Part 8 of the Netcromancer by M.J.Miello
As the night unfolded I realized that this was not, in fact, a gathering to sell me on the BAC. It was a party for their entertainment—I was supposed to be grateful to be included. And for the most part I was. The beer was cold and pleasantly bitter. The conversations were lively. I enjoyed being the subject of curiosity and speculation.
It felt like a long time since I had been asked about my high school experiences, my favorite video games, and what role-playing games I had played. But wherever I could, I turned the conversation to the BAC itself. The Brown Ale Collective was apparently named in honor of the beverage I was at that moment liberally consuming. It was a small, local, secret society—a totally unauthorized organization that existed within the computer science community of the university.
The privileges alluded to were, in fact, many. I would be given a job in the computer lab, preferential standing among computer science majors, first choice in getting seats in Dr. Z’s classes, and, in all likelihood, an eventual officer position in the Computer Science Club and internship placement. If I continued in computer science as a graduate student, I would be granted a teaching assistantship and the associated tuition remission and stipend. Eventually, I could expect a job, assuming that their alumni had anything to say about it. All of these things would coalesce into a prosperous and rewarding career if only I would consent to be an electron orbiting the mighty nucleus that was Dr. Z.
Oh, and there was one more “benefit”—an unheard of boon to any college student—a tab. Every weekday I could eat and drink whatever I wanted between 10 AM and Noon (when there was a convenient dearth of comp-sci classes offered). The source of this fabulous bounty was not made clear, except for the fact that it was definitely, certainly, absolutely not originating from our professor, who would never debase himself by providing impressionable students with alcohol. Nevertheless, most weekday mornings Dr. Z could be found right here imparting his real teachings to his inner circle. While the well-oiled machine of the BAC did most of his busy work for him, Zee was instructing his flock in the dark arts of manipulating computer systems.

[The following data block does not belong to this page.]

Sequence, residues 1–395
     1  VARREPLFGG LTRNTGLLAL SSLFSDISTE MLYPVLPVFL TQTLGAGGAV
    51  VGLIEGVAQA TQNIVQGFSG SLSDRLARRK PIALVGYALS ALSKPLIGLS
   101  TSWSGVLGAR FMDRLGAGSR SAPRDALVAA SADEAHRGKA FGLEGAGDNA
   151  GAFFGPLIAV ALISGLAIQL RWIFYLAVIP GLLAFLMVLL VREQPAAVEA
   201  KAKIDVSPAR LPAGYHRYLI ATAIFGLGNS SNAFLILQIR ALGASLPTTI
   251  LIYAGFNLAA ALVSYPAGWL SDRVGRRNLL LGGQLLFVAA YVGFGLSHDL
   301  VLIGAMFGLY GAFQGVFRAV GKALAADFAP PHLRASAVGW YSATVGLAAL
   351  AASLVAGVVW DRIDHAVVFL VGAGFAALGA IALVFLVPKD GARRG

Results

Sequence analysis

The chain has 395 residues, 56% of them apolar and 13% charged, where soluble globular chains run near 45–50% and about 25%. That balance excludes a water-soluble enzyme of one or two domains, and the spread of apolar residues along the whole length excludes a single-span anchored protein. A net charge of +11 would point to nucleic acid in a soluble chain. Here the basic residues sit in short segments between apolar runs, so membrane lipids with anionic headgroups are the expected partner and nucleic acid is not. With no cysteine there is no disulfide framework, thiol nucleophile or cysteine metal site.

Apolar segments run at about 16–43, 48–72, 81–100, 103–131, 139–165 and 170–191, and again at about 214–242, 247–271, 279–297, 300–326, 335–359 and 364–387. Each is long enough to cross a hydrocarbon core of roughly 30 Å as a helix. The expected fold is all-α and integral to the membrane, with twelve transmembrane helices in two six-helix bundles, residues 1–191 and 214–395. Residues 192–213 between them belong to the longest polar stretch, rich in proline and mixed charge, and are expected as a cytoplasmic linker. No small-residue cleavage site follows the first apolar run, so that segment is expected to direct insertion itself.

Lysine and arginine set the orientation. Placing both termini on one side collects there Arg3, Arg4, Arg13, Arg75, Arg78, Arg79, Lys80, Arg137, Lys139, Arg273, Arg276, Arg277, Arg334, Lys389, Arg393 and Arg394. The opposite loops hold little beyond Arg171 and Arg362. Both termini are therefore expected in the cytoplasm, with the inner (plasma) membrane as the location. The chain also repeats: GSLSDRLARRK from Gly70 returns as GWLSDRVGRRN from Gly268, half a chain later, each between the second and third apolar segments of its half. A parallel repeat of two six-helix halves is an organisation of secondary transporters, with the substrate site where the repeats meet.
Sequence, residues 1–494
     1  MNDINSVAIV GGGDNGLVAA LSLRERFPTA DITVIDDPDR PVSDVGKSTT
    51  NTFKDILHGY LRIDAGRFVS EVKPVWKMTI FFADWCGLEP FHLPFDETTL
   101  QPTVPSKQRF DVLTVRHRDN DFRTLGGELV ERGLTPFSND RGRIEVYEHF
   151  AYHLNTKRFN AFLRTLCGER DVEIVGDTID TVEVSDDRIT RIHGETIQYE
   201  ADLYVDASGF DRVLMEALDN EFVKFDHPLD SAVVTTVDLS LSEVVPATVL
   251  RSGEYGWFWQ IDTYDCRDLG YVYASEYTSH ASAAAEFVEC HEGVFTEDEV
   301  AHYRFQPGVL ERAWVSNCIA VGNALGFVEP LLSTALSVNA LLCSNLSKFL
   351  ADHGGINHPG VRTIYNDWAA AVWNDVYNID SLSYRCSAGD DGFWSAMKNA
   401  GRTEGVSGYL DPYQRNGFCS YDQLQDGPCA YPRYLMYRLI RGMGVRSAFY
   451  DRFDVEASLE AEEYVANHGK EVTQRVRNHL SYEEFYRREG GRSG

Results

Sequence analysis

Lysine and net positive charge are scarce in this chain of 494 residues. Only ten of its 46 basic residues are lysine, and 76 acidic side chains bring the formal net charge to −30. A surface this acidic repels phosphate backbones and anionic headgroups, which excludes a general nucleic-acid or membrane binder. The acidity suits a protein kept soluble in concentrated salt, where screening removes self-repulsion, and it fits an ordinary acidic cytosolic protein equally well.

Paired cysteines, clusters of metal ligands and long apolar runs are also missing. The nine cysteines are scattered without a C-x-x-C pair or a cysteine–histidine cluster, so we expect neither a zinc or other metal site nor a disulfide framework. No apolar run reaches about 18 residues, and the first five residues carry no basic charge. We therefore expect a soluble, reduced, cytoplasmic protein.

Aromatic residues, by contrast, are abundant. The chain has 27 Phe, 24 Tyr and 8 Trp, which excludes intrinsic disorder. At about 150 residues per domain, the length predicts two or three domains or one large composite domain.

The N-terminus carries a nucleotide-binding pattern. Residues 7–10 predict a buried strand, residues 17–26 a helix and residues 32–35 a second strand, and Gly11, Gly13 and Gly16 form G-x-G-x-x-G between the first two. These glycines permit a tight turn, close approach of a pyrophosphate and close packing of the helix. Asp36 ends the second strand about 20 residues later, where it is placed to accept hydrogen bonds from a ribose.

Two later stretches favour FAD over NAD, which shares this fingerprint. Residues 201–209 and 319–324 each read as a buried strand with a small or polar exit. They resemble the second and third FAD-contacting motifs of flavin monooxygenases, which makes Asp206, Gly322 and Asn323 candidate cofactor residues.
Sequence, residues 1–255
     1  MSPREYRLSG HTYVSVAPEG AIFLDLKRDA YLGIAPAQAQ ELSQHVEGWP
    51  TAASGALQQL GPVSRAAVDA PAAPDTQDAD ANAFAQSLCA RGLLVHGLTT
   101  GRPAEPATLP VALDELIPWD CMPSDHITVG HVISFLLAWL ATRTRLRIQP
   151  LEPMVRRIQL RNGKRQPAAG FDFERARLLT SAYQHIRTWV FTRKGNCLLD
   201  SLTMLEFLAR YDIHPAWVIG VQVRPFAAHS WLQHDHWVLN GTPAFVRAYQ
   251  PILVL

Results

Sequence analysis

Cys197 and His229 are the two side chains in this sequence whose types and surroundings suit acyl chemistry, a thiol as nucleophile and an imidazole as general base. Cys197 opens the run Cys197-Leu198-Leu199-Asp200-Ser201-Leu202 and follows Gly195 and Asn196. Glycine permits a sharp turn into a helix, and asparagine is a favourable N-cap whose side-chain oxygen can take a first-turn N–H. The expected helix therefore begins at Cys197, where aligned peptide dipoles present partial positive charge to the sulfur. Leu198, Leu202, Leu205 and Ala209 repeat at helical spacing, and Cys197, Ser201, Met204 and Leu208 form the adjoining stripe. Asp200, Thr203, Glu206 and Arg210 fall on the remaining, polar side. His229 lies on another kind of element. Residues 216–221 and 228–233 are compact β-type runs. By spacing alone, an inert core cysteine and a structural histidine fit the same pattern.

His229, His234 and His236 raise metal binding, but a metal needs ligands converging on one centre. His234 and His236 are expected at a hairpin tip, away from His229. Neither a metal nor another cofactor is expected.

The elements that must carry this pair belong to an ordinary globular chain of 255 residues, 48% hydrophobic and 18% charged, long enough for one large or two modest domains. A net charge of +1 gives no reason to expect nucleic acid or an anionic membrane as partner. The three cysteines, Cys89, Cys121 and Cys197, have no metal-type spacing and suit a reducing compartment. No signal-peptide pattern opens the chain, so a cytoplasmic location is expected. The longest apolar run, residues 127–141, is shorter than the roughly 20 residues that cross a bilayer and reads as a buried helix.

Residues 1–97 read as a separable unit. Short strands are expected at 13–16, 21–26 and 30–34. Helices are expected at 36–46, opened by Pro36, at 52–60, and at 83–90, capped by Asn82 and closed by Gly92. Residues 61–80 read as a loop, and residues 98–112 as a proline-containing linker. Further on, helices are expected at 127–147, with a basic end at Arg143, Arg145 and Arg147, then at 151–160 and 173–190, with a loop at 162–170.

I came to see the that my first impressions of Zee were all entirely wrong. I thought he was lazy. I was wrong. He worked nearly all of his waking hours. I thought he was a drunk. But he was a tactical drinker who imbibed according to an algorithm of his own design which dictated when and how much he drank in order to maintain a perpetual blood alcohol content (that other BAC) of .05. This was the level precision he sought in all things: Maximize productivity while not neglecting a hedonistic preference.
Zee was a renegade in his college world for other reasons as well. He published in the as-of-yet barely respectable area of artificial intelligence. But his pedigree was impressive. He had studied under Marvin Minsky’s artificial intelligence laboratory at MIT, and fully subscribed to his theory of the “society of mind” which held that intelligence, and by extrapolation consciousness, could arise out of the working of non-intelligent components—that is, if our programs could mimic all the little things that happened in the brain, consciousness (the big thing) would just naturally follow. But more than that, he believed it was humanity’s destiny to create—no not just to create, but to become—artificial intelligence.
“Do you think it will happen in my lifetime?” I asked him one day.
“You’re lifetime? I have no idea. But it will happen in mine.”
“What makes you so sure?” I laughed.
“Because I am going to make it happen.”
In that moment, I believed him. I knew he would make it so.
“Well, I’ll just have to stick around and watch you do that.”
“Fuck that. If you’re going to standing around you better fucking help.”
“Deal.” I held out my hand to him. He shook it.